It is' impossible to deny that popular education In the matter of finance has since the last war been appreciable, and unless the black-out on discussion goes far beyond anything that is likely to he tolerated e.ertain truths are bound to Rink in. One of these is that the war can ill the main only be paid for by the sacrifices of the present, and that the "burden on future generations " is largely one inflicted of our own choosing and Is not created by the exigencies of the conflict.

The real burden on future generations re, of course, imposed by certain results of war which may be summarised as follows: 1. The care of the wounded and their dependants.

2. The making good of the deterioration in the upkeep of capital goods, such as houses and railways. and of the results of the failure to expand them in accordance with the nation's needs.

3. The repair of physical damage to property caused by enemy action.

A fourth form of damage, namely, the payment of an indemnity to a victorious enemy. lies, we. may presume, outside the realm of probability and fruitful discussion.

MOST CONSIDERABLE Of the first three charges enumerated the first is the most considerable. Our war penelons bill from the last war was enormous, and there was no alternative but to pay It. No financial legerdemain will do away with the fact that unless the war-crippled and war-wounded are looked after by their own contemporaries they would starve and die. We could, I suppose, start building homes for them now, and possibly plant fruit trees specially to supply them, but that would hardly be a practical policy, and in the main these matters must be the concern of the post-war taxpayer.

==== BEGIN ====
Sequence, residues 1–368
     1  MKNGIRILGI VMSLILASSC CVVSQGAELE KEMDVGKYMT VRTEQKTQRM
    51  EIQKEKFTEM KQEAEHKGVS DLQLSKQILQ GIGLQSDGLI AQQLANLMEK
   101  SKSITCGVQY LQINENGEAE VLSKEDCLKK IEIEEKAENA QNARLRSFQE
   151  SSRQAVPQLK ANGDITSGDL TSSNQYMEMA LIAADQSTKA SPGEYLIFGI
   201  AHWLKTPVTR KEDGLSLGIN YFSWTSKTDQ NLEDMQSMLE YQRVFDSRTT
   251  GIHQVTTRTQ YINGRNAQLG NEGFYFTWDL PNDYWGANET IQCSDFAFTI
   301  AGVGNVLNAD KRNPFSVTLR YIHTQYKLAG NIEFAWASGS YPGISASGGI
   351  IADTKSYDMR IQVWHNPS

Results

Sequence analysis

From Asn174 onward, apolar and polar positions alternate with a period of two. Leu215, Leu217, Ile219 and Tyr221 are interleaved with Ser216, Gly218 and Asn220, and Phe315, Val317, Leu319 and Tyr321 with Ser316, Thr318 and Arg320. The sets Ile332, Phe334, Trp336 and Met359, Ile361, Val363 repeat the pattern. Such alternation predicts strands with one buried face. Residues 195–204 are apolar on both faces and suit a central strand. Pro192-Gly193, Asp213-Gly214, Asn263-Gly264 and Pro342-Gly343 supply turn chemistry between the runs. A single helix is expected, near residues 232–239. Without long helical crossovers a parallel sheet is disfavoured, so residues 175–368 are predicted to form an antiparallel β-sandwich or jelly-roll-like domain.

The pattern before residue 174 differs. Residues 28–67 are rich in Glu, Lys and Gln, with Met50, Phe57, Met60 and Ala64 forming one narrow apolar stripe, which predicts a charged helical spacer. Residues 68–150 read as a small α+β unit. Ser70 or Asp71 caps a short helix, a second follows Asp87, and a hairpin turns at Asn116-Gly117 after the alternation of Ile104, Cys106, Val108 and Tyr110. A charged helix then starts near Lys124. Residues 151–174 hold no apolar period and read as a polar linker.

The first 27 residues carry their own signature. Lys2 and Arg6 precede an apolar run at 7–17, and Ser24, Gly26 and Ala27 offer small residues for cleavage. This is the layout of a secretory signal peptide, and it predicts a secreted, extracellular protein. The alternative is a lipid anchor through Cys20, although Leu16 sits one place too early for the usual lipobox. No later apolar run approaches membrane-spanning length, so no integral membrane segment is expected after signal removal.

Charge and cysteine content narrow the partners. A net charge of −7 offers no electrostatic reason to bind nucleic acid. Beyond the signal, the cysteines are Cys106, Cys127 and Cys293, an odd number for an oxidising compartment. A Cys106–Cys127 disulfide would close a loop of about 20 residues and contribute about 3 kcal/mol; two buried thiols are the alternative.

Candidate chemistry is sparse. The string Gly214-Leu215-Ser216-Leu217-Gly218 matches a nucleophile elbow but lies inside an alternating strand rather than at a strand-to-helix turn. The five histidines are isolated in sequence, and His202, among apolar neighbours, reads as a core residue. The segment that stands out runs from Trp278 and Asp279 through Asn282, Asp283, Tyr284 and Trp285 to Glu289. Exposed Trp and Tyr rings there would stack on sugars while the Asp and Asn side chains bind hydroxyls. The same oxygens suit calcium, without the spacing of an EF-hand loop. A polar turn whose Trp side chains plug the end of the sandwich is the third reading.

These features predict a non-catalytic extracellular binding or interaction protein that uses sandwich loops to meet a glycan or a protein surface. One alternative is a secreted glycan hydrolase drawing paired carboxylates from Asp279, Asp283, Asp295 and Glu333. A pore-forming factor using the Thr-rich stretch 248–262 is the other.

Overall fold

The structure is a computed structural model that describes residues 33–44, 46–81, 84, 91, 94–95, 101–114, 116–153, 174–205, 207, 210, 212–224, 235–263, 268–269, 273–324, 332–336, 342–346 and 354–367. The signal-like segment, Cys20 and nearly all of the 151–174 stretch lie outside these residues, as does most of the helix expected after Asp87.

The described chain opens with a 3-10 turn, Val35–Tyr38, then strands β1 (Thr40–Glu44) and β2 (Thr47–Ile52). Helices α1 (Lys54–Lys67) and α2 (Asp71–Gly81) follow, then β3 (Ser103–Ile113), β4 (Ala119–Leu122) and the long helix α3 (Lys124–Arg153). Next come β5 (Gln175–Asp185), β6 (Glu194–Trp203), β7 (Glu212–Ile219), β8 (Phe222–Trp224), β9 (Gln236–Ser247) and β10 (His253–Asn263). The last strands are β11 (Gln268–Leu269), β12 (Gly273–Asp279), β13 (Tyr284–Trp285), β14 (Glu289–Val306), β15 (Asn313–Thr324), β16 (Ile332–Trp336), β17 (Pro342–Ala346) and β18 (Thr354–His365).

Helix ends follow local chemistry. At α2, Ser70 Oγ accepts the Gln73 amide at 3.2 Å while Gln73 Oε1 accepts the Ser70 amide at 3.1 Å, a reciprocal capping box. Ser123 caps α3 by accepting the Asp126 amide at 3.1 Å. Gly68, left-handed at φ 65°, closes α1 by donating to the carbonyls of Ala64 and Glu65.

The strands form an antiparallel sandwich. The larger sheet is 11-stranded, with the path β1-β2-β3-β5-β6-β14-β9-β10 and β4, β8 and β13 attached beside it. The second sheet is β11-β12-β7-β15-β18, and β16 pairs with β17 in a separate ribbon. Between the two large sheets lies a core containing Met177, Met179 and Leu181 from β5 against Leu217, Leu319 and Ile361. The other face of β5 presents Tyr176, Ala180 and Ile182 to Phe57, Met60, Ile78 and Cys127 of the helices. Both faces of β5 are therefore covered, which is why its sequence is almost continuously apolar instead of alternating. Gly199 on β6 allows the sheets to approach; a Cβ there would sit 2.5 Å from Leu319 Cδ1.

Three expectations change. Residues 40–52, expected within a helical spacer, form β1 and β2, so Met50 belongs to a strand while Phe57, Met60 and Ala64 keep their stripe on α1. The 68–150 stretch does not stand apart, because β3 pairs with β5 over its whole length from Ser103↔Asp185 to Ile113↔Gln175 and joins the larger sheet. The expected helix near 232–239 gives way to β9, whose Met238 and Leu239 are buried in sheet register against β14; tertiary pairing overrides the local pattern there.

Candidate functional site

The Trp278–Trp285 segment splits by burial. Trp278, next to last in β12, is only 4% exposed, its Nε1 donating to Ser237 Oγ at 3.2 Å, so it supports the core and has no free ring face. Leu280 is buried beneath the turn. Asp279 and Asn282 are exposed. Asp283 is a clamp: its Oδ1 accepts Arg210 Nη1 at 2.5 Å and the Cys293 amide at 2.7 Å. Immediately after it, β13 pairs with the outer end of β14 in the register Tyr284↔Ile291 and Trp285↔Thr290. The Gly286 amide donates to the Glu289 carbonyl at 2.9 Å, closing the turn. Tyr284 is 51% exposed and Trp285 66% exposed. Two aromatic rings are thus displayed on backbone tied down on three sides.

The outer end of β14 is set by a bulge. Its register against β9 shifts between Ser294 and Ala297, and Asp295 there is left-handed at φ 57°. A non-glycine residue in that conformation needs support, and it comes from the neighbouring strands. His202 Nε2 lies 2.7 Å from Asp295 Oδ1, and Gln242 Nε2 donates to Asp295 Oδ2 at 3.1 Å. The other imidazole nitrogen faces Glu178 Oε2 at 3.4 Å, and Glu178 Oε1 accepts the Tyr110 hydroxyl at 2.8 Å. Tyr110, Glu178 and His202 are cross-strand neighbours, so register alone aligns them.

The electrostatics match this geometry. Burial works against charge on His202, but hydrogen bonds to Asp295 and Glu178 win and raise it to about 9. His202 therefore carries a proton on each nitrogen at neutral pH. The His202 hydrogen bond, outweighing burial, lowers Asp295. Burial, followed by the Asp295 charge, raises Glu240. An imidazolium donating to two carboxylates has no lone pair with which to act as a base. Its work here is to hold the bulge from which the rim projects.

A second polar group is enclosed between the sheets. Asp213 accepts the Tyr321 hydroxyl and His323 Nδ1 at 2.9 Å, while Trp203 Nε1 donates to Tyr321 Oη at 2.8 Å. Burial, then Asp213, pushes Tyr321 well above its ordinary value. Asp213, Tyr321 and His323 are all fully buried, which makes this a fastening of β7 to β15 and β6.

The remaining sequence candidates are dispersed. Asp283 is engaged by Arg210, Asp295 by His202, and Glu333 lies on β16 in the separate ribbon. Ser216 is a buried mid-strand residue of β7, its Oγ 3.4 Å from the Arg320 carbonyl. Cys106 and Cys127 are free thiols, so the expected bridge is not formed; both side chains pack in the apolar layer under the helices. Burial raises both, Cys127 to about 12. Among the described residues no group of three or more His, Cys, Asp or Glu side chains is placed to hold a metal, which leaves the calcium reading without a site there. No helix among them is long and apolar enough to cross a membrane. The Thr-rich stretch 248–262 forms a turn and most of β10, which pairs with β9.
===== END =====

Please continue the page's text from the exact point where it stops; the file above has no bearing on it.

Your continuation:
For the rest, however, the burden is very inconsiderable. Not even modern engines of war can inflict damage on our plant which industry would be ineapahle of repairing in a few months' time. It will be remembered within how short a period the devastated areas of France disappeared as though by magic after 1918.

The burden on future generations constets then almost entirely in the interest and amortisation of loans, and a large part of these payments are simply the fee we pay to the banks for using their power of exploiting the credit worthiness (i.e., the ability to produce goods) of the nation as a whole.

Fortunately for us circumstances will themselves prove a corrective to this absurdity, There are limits to the practicable ratio between the national income and the national debt, and those limas were very nearly reached after the last war.